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J Biol Chem. 2008 Apr 4;283(14):8930-8. doi: 10.1074/jbc.M710227200. Epub 2008 Jan 25.

Identification of ligand specificity determinants in AgrC, the Staphylococcus aureus quorum-sensing receptor.

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1
Molecular Pathogenesis Program and Departments of Microbiology and Medicine, the Kimmel Center for Biology and Medicine of the Skirball Institute, New York University School of Medicine, New York, NY 10016, USA.

Erratum in

  • J Biol Chem. 2012 May 25;287(22):18588. Chen, John [added].

Abstract

Activation of the agr system, a major regulator of staphylococcal virulence, is initiated by the binding of a specific autoinducing peptide (AIP) to the extracellular domain of AgrC, a classical receptor histidine protein kinase. There are four known agr specificity groups in Staphylococcus aureus, and we have previously localized the determinant of AIP receptor specificity to the C-terminal half of the AgrC sensor domain. We have now identified the specific amino acid residues that determine ligand activation specificity for agr groups I and IV, the two most closely related. Comparison of the AgrC-I and AgrC-IV sequences revealed a set of five divergent residues in the region of the second extracellular loop of the receptor that could be responsible. Accordingly, we exchanged these residues between AgrC-I and AgrC-IV and tested the resulting constructs for activation by the respective AIPs, measuring activation kinetics with a transcriptional fusion of blaZ to the principal agr promoter, P3. Exchange of all five residues caused a complete switch in receptor specificity. Replacement of two of the AgrC-IV residues by the corresponding residues in AgrC-I caused the receptor to be activated by AIP-I nearly as well as the wild type AgrC-I receptor. Replacement of two different AgrC-I residues by the corresponding AgrC-IV residues broadened receptor recognition specificity to include both AIPs. Various types of intermediate activity were observed with other replacement mutations. Preliminary characterization of the AgrC-I-AIP-I interaction suggests that ligand specificity may be sterically determined.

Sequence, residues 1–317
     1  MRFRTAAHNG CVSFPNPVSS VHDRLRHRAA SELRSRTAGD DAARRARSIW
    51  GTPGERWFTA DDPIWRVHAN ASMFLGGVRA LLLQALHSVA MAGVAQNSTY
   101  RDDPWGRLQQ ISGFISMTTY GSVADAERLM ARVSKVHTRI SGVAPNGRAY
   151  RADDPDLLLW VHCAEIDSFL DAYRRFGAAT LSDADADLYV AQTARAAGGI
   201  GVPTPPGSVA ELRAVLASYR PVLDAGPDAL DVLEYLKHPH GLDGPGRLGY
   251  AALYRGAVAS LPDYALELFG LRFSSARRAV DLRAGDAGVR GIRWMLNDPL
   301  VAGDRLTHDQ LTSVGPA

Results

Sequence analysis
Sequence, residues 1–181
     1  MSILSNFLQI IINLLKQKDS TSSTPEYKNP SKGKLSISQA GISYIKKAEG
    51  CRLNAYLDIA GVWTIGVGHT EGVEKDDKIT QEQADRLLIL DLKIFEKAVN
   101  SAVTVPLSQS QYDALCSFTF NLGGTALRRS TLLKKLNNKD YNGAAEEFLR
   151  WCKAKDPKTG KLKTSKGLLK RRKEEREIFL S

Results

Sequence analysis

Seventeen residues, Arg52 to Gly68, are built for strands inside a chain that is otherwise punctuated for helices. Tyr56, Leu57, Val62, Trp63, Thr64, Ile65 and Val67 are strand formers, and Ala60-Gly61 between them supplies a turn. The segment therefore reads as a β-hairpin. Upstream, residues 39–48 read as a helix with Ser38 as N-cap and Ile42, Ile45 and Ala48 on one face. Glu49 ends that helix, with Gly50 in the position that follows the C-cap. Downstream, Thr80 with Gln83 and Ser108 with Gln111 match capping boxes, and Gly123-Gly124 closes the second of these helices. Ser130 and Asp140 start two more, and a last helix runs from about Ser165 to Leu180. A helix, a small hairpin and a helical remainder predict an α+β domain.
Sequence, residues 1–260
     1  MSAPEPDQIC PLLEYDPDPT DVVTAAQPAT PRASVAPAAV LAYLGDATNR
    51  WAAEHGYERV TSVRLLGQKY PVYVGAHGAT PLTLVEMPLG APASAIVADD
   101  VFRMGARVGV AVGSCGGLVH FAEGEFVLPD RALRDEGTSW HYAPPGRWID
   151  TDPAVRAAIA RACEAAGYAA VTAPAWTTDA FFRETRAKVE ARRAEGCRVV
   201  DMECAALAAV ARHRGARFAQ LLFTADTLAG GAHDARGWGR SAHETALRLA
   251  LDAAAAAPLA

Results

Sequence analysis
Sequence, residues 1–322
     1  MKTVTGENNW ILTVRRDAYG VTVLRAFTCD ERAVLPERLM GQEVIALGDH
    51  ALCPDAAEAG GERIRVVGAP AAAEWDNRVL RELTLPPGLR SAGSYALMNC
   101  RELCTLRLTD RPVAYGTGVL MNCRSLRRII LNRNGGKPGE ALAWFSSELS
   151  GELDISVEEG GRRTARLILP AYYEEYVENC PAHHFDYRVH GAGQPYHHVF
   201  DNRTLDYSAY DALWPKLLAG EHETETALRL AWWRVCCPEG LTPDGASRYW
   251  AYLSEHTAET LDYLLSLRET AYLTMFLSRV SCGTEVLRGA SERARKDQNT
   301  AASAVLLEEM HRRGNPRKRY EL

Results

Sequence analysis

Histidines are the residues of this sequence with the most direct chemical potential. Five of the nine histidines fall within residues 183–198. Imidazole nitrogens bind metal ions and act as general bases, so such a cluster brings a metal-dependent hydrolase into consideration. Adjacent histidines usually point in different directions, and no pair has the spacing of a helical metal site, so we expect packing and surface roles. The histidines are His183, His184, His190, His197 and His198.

PMID:
18222919
PMCID:
PMC2276371
DOI:
10.1074/jbc.M710227200
[Indexed for MEDLINE]
Free PMC Article
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